Driving Transactions
Tuesday, July 23, 2024

You asked for it and we listened. In this column, we ask operators of all sizes and from all walks of the industry a question about their business and report their answers so you can assess how your own company compares to your peers. If you would like to participate, please email Rob Smentek at rob@chauffeurdriven.com for next issue’s question.

TOPIC: Do you lease or buy your vehicles? In your experience, what have been the pros and cons to each approach?

Benchmark and Best Practices I have always bought our vehicles in lieu of leasing. I feel better about the guarantee of equity on the back end. There sometimes may be positive write-off advantages with leasing, but I still prefer buying. It’s an advantage to own if I need to dump a car early: That hit is more easily absorbed. After 35 years and counting, I’ve always made money on the sale of used vehicles. I like guarantees, not maybes.

Gary Arndt, Owner
A Limousine Service in Pittsburgh, Pa.

Benchmark and Best Practices I have leased on a few occasions, but those incidents have been rare, and due more to the low-dollar buy-out in the end. Typically, the company purchases our vehicles and takes the Section 179 accelerated depreciation expense to minimize income taxes. We have found this formula to be much more beneficial. Further, with our in-house maintenance and repair facilities, the age and mileage of a vehicle is relatively unimportant, as long as the appearance is properly maintained. This is particularly true in the case of our larger/more expensive equipment (e.g., minibuses) as they tend to be less age-sensitive. The bottom line: buy and depreciate.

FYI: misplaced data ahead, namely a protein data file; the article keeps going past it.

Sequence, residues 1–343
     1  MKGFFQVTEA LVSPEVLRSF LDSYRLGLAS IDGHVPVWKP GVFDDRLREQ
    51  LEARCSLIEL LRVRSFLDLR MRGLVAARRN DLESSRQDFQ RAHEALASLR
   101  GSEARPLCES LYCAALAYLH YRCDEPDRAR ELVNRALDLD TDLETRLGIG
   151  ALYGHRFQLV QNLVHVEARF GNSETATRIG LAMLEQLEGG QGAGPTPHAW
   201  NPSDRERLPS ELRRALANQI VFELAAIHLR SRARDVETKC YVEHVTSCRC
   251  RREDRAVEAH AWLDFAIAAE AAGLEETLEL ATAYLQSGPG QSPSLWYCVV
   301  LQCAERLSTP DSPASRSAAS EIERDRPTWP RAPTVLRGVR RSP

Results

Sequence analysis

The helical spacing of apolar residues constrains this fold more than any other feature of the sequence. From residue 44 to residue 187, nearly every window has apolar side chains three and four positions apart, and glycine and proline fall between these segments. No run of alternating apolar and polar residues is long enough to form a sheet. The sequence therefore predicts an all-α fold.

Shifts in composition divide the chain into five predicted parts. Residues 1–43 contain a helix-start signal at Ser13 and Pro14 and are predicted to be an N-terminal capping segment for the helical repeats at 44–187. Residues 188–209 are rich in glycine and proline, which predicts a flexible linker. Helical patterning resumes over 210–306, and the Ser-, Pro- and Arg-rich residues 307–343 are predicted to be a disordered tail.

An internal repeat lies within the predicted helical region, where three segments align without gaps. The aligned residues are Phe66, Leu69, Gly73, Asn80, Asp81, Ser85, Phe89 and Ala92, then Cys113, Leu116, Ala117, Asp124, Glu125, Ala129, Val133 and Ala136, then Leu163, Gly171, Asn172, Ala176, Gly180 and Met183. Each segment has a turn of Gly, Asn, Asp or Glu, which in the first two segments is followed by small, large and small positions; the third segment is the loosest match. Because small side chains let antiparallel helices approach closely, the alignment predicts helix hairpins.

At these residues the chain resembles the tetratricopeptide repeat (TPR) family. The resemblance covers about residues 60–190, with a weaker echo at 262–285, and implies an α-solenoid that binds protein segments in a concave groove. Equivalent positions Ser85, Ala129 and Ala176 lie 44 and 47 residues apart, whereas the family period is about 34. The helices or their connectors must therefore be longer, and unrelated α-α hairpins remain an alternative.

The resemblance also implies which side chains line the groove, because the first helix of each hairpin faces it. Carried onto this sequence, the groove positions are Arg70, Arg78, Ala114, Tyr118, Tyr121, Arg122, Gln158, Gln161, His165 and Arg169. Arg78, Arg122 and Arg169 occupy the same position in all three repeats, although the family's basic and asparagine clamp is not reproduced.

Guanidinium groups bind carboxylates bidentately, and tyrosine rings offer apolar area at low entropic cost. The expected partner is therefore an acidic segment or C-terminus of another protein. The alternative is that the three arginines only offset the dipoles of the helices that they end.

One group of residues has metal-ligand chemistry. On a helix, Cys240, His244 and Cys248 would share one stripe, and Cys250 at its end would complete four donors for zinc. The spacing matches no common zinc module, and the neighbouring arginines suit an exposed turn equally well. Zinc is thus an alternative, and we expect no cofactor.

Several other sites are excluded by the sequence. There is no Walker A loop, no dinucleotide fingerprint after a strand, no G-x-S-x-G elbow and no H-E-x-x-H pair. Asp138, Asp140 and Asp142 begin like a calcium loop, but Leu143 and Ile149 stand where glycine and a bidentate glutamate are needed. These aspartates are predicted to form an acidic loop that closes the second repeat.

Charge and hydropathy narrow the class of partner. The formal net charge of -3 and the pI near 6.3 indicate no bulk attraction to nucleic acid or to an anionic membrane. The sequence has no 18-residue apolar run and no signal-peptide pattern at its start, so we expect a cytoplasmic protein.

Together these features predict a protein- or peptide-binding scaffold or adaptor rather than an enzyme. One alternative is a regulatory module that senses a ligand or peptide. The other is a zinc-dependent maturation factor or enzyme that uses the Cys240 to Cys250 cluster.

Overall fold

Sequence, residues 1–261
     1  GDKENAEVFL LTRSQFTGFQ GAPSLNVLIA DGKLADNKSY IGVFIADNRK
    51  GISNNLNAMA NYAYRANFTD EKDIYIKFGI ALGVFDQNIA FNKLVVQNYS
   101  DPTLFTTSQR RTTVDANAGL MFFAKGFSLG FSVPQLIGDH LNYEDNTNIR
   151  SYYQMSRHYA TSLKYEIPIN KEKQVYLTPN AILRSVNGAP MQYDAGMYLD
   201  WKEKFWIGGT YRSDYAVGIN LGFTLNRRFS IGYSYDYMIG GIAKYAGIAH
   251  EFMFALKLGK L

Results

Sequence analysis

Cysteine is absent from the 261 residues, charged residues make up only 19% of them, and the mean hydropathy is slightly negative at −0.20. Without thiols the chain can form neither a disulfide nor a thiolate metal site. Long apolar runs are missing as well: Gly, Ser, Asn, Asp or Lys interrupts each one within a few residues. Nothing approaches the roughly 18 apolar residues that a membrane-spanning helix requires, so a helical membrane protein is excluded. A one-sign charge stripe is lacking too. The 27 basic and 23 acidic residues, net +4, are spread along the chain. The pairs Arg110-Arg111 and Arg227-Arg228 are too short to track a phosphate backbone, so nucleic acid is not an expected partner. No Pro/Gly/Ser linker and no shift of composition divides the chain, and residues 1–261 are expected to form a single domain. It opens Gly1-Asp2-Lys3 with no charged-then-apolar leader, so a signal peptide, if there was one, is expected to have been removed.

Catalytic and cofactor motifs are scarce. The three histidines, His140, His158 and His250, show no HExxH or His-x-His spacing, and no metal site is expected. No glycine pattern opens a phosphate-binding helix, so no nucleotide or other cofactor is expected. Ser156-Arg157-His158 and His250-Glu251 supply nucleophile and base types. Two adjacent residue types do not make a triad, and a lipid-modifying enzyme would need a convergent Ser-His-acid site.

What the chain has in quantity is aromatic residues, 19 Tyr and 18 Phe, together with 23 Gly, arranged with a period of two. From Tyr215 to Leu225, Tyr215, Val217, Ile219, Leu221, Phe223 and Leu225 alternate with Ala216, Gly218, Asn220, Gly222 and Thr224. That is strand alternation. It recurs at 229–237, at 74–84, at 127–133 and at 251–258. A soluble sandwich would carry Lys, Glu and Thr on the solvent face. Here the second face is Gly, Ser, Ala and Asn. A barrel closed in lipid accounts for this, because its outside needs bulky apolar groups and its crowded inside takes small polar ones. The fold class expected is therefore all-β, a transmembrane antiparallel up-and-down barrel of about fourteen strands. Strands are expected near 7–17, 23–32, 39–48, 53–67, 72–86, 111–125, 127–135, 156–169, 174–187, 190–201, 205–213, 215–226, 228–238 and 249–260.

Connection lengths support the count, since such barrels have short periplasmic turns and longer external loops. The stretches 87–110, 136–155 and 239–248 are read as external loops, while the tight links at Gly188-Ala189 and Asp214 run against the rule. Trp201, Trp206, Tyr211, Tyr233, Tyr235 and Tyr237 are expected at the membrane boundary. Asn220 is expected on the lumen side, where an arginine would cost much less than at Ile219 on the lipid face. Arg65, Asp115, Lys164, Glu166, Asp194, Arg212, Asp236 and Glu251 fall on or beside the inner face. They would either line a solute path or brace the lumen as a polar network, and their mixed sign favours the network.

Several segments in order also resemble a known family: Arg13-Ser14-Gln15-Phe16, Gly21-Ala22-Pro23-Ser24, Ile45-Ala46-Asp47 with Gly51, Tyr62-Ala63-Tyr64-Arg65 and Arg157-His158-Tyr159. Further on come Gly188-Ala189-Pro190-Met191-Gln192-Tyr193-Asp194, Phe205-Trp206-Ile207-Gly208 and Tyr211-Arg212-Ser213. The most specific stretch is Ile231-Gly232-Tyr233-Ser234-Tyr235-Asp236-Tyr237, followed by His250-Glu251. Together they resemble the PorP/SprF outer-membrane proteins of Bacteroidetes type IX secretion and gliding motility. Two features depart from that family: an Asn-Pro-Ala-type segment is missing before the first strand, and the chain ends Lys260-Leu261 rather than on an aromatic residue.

John Critchett, President
Palm Beach Tours & Transportation in West Palm Beach, Fla.
Benchmark and Best Practices In the past, we have leased our vehicles, but eventually switched to buying. I think that if you take care of your vehicles, they are worth a fair amount at the end and you get a portion of your expense back when you sell your used cars. Also, I’ve found that you get better rates on purchasing, and I feel like it’s better to control the paperwork, tickets, etc. instead of having everything go to a leasing company and then back to you.

Gary Day, Founder & CEO
American Limousines in Baltimore, Md.
Benchmark and Best Practices We have always bought our vehicles because we have been told that leasing “does not apply” to high-mileage livery vehicles. However, I would entertain that option in the future, since I know that other operators in our area do it. I need to learn more about the option for the future.

Renee Dorsey, Operations Manager
Airport Limousine Service in Wheeling, W.V.
Benchmark and Best Practices To buy or not to buy, that is the question. There’s no clear-cut rule as to which option is best, as there are benefits and drawbacks to both. The choice is determined by your personal preference as a company or individual.